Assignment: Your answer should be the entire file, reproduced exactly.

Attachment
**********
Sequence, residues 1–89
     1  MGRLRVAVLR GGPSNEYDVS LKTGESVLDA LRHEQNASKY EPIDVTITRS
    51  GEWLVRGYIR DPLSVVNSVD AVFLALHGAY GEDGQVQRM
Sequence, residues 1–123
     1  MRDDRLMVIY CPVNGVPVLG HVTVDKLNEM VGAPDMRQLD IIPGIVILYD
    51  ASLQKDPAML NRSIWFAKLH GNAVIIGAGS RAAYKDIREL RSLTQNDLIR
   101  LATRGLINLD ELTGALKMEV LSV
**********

Sequence, residues 1–89
     1  MGRLRVAVLR GGPSNEYDVS LKTGESVLDA LRHEQNASKY EPIDVTITRS
    51  GEWLVRGYIR DPLSVVNSVD AVFLALHGAY GEDGQVQRM
Sequence, residues 1–123
     1  MRDDRLMVIY CPVNGVPVLG HVTVDKLNEM VGAPDMRQLD IIPGIVILYD
    51  ASLQKDPAML NRSIWFAKLH GNAVIIGAGS RAAYKDIREL RSLTQNDLIR
   101  LATRGLINLD ELTGALKMEV LSV